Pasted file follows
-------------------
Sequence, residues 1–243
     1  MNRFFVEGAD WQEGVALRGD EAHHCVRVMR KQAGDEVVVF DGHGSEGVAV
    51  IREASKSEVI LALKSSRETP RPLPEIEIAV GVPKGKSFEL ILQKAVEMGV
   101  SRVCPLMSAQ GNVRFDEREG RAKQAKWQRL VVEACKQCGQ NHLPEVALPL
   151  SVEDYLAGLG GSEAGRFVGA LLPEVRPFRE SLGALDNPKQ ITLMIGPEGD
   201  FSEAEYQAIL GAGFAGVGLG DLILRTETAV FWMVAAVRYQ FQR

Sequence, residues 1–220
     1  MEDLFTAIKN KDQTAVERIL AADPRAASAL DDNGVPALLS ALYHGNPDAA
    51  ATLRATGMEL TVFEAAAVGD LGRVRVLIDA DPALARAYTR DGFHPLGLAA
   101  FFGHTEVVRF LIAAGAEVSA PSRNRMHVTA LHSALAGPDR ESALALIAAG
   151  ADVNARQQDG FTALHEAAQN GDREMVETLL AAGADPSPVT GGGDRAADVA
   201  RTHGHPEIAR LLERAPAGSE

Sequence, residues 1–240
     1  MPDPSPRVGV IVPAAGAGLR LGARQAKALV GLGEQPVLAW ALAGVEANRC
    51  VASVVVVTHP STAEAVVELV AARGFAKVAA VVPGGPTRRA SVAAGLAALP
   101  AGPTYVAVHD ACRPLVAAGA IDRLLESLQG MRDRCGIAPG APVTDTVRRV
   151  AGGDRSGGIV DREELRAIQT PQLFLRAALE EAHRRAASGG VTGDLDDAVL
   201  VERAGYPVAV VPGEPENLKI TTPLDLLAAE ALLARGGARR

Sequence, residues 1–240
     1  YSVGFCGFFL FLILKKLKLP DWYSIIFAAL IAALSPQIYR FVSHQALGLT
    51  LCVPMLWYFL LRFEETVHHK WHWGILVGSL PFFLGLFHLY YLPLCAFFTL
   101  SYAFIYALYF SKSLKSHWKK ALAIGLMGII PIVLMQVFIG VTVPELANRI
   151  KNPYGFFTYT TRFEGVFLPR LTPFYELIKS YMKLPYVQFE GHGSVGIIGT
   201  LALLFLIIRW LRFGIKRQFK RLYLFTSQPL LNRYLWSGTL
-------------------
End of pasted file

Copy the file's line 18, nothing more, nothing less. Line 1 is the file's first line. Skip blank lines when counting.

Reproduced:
   201  VERAGYPVAV VPGEPENLKI TTPLDLLAAE ALLARGGARR